•  The Factories Act, 2004
  •  The Pensions Act, 2004
  •  The Trade Disputes Act, 2004
  •  The Trade Union Amended Act, 2005
  •  The Employees Compensation Act, 2010
  • The National Minimum Wage Act, 2011
  •  The Pension Reform Act, 2014

3. Remuneration Management

Remuneration is always a sensitive issue. It makes up a large part of your operational costs. You want to pay well, but still ensure commercial success. At the same time, competitors are poaching your best performers. Subscribe to reputable salary surveys to ensure that your remuneration structures are competitive, especially for your top performers and key people. Why not consider a system of a small salary but a significant amount of variable pay. In this way, you keep overhead costs low for the hard times, but employees can share in profits when times are good. You will need a robust performance management system to achieve this.

Add value to your remuneration offerings with gym memberships, yoga or Tai Chi classes. Your employees will be healthier, fitter, and more motivated.

4. Job Descriptions 

Review the job descriptions of your team. Are they up to date? Are they merely lists of tasks to be performed or are they a driver of high performance? Job descriptions play an important role in helping an employee understand what he or she has been appointed to do. Job descriptions help employees to identify and synchronise organisational directives, procedures, methods, and techniques which will drive the achievement of both organisational and personal goals.

5. Job Evaluation

An effective job evaluation system helps you to manage the equity and parity between jobs. Jobs of similar complexity, but in different functions or departments should be evaluated and thus remunerated in a similar way. It allows for an accurate comparison of different jobs at the same level. Sound job evaluation is an important part of maintaining an equitable remuneration strategy.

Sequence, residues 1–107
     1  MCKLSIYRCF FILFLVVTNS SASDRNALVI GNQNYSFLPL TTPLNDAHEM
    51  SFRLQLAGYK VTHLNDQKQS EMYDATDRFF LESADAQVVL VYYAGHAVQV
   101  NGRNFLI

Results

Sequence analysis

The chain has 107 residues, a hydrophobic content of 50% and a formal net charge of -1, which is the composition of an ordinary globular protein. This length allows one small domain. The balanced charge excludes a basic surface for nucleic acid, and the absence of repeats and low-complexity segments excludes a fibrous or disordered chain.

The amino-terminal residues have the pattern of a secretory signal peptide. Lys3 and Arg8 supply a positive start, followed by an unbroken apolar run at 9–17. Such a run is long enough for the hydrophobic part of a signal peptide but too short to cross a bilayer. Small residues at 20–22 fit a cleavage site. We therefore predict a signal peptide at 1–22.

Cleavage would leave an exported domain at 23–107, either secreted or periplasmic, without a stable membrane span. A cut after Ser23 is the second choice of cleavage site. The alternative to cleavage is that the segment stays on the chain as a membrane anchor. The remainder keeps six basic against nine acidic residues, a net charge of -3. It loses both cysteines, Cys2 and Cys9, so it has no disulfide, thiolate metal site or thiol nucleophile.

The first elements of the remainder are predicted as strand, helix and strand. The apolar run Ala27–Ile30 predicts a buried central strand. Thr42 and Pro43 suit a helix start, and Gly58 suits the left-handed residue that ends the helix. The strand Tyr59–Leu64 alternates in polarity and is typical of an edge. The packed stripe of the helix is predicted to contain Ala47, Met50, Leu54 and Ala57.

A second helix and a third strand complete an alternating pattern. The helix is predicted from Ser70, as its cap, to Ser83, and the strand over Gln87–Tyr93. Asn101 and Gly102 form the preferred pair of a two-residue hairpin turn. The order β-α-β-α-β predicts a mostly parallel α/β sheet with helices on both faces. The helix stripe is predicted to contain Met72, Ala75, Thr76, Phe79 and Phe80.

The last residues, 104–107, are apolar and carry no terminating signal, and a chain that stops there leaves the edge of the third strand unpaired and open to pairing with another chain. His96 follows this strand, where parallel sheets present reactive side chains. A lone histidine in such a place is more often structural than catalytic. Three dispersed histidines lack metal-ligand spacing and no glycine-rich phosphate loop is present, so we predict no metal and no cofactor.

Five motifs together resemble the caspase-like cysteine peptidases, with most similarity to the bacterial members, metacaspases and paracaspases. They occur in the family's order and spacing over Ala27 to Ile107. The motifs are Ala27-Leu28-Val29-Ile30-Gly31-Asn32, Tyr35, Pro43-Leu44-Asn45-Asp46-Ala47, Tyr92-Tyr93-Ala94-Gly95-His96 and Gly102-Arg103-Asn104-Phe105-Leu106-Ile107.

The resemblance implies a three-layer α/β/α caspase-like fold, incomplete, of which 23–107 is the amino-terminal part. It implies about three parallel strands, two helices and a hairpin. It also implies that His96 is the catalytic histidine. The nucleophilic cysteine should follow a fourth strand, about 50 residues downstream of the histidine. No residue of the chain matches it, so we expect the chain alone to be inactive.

6. Performance Management

Performance management helps you track your employees’ performance and tells you when they need extra support, require training, or deserve a salary increase. It enables your employees to work independently and collaboratively to achieve the goals of your organisation. It is important to have a structured performance management process to maintain high-performance standards for your organisation.

Effective performance management is essential for your business. Through both formal and informal processes, it helps you align your employees, resources, and systems to meet their strategic objectives. It works as a dashboard too, providing an early warning of potential problems and allowing you to know when you must adjust to keep a business on track. Excellent performance is a natural follow-on when leaders speak openly, candidly, and regularly to each person in their team. It relies on open conversations. You should share the strategic big picture frequently, so that your team can operate independently and assertively to achieve the goals of the organisation, without you having to look over their shoulders.

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Regenesys Business School

Regenesys Business School

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Regenesys Business School